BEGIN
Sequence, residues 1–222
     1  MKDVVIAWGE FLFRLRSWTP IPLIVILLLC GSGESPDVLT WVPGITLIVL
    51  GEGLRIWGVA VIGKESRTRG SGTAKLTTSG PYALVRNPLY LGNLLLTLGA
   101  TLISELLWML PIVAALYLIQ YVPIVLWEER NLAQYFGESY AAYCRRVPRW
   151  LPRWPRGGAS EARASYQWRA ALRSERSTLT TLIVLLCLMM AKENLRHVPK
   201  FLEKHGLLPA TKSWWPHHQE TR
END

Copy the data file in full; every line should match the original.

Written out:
Sequence, residues 1–222
     1  MKDVVIAWGE FLFRLRSWTP IPLIVILLLC GSGESPDVLT WVPGITLIVL
    51  GEGLRIWGVA VIGKESRTRG SGTAKLTTSG PYALVRNPLY LGNLLLTLGA
   101  TLISELLWML PIVAALYLIQ YVPIVLWEER NLAQYFGESY AAYCRRVPRW
   151  LPRWPRGGAS EARASYQWRA ALRSERSTLT TLIVLLCLMM AKENLRHVPK
   201  FLEKHGLLPA TKSWWPHHQE TR